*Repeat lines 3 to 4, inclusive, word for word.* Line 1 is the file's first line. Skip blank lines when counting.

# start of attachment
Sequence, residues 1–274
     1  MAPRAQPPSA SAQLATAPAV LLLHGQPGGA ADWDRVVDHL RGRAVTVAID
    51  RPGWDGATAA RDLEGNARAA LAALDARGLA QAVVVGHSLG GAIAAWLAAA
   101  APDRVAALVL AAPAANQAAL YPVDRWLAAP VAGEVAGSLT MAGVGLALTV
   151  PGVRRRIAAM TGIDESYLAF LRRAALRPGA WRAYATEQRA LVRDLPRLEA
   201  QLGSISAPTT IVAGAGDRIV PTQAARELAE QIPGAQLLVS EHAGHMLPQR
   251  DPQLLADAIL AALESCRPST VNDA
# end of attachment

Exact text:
    51  RPGWDGATAA RDLEGNARAA LAALDARGLA QAVVVGHSLG GAIAAWLAAA
   101  APDRVAALVL AAPAANQAAL YPVDRWLAAP VAGEVAGSLT MAGVGLALTV